iFontMaker – The First & Fastest Font Editor for iPad. Top 13 Webfonts for Headline Use. Today, webfonts abound.
You can find them in a number of places: Google Font Directory, Typekit, Fontspring.com, and myriad other sites and font delivery services. A number are even free. And yet, like most things, much of what is free is not useful, and much of what is useful is not free. For example, there are a great deal of handwriting fonts available for @font-face embedding, but I would be hard pressed to think of more than a few instances in which these would be put to use.
This article, then, focuses on the top 13 most useful free webfonts for headline use. One of the most common suggestions for combining headlines and body text is to set the headlines in a serif typeface and body copy in a sans-serif typeface, or vice versa. Because you’re typically only setting fewer than 100 characters in a headline, it doesn’t necessarily have the same requirements for readability as your text font. Nice Web Type has an excellent tutorial on @font-face embedding here. License: License: Anatomie du caractère: comprendre la typologie de la typographie [IDIKO-26_GENERAL] Typographic Marks Unknown. There are many typographic marks which are familiar to most, but understood by few.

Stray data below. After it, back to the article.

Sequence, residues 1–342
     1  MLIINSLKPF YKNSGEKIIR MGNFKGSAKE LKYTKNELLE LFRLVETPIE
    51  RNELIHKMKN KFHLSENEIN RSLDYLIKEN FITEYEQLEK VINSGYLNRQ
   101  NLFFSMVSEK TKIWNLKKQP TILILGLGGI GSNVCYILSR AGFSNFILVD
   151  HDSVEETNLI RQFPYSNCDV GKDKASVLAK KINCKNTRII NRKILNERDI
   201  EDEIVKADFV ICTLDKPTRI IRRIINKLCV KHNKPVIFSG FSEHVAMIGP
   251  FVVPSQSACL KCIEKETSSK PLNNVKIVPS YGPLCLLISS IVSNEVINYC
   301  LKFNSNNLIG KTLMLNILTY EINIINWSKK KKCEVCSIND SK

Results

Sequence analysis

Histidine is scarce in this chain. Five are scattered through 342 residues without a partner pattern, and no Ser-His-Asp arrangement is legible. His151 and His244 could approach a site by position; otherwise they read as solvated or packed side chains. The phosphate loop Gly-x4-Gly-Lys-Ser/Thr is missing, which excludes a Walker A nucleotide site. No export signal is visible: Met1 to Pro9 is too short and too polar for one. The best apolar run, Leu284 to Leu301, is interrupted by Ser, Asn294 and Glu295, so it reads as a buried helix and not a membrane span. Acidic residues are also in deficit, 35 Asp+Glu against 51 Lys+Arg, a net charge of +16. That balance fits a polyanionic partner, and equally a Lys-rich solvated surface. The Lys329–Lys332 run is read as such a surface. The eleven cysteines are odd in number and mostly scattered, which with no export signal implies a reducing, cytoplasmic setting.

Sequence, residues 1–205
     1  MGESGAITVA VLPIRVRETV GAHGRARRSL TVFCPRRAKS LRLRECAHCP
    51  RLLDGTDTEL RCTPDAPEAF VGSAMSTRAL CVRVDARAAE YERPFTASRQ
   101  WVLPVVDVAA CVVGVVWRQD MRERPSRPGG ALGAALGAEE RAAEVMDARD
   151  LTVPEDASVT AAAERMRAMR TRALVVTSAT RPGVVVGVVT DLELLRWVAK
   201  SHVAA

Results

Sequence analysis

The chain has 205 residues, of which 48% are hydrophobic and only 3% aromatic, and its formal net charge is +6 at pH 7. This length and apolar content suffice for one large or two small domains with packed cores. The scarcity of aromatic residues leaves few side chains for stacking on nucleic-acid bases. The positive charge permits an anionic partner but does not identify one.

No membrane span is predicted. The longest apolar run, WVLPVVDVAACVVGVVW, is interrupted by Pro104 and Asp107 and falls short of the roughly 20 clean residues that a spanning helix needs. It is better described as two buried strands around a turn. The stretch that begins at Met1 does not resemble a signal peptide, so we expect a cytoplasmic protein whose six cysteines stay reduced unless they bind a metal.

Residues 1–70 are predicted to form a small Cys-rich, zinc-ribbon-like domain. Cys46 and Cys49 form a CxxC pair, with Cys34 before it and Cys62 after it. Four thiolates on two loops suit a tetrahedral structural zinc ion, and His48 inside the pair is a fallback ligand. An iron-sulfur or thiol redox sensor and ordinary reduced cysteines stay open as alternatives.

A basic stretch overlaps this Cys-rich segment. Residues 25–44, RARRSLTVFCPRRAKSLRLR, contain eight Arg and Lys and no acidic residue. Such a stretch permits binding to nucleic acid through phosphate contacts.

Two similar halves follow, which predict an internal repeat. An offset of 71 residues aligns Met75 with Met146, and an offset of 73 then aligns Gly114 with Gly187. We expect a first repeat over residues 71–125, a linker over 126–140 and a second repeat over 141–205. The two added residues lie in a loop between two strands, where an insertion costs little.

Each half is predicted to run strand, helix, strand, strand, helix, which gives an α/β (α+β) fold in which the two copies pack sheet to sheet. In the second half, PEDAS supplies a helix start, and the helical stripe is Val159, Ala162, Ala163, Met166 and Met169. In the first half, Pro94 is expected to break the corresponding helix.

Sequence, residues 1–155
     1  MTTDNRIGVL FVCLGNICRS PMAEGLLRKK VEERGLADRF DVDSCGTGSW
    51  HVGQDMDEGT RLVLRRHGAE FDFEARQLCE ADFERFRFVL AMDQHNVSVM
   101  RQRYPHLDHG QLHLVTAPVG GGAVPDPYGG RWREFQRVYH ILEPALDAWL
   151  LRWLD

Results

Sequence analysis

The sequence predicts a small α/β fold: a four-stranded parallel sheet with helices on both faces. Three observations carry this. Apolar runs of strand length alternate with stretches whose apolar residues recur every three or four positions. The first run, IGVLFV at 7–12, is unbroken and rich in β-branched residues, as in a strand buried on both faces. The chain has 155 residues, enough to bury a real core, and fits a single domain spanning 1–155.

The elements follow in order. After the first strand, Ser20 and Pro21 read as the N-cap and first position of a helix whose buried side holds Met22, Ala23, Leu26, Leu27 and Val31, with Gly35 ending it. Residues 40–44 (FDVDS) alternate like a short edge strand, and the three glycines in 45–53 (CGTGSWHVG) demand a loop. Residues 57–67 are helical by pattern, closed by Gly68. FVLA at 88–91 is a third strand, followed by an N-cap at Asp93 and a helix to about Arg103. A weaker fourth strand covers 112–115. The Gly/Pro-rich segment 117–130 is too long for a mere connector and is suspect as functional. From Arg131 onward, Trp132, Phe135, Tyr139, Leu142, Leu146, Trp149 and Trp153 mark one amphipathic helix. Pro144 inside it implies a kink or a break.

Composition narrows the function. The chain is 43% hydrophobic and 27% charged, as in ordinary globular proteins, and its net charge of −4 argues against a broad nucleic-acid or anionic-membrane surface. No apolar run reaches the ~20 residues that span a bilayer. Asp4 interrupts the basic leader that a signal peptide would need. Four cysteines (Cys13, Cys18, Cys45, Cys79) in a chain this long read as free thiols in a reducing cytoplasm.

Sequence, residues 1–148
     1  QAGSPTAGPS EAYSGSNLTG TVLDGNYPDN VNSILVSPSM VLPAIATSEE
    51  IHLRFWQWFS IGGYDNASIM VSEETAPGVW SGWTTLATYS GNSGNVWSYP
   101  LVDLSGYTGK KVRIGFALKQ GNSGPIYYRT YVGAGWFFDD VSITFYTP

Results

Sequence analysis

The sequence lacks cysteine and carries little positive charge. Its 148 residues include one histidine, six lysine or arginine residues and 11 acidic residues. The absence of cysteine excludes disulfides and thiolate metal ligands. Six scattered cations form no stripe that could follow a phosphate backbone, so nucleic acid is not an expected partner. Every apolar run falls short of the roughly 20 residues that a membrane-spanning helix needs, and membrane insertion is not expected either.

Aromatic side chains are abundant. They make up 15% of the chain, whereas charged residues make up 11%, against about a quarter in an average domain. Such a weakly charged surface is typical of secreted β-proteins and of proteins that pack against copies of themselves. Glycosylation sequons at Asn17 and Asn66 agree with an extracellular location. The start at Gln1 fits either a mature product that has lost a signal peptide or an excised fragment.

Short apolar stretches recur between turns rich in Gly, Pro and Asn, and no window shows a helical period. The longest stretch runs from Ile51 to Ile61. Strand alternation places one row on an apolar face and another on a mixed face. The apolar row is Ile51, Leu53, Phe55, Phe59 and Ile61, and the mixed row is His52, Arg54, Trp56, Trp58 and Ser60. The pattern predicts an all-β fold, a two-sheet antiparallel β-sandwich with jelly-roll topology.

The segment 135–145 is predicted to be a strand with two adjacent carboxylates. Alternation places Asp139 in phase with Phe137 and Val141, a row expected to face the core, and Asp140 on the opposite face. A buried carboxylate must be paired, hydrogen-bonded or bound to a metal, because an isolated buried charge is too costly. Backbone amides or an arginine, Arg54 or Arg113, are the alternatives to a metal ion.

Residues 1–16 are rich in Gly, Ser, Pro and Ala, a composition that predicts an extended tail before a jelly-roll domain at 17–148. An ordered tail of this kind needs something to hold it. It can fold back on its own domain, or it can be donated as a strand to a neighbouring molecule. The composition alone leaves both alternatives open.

Most of these glyphs have interesting histories and evolutions as they survived the beatings given to them through rushed handwriting of scribes and misuses through history. They now mostly live on our keyboards and in our software, and a few are used often, so it seems only fitting to know where they come from and how to correctly use them. The Pilcrow History of the Pilcrow Replacing another symbol, the paragraphos, to become the new mark representing a paraph—a new line of thought or break in text—it evolved over time through the natural development of handwriting. Using the Pilcrow Initially the pilcrow was used to separate blocks of text, rather than dividing them with space. While graphic designers, and especially those outside the field, would have no major need to think about using the pilcrow, it is worth noting that they can be a pleasure to design for our typographic friends.
What Font is. Morning Type. Top 13 Webfonts for Headline Use. Links: Foundries & typographers. Minimalism, Modernism, Typography. Typographies.fr - Création typographique. Grotesque 6 : Émilie Rigaud. Jessica Hische. Type Connection. Abc-typo. Fontdeck web fonts: Real fonts for your website. TypeOrganisations. Free Online Font Converter - StumbleUpon. Typographic Marks Unknown. Comic Sans Criminal. Webexpedition.
Font Diner! Fontcraft. I was shopping in my local HEB grocery store this weekend and found myself in the soft drink section, confronted by a wall of cool retro-looking bottles of all sorts of sodas from the Dublin Bottling Works, a company based in Dublin Texas which produces a full line of specialty soft drinks, apparently mostly for distribution through HEB.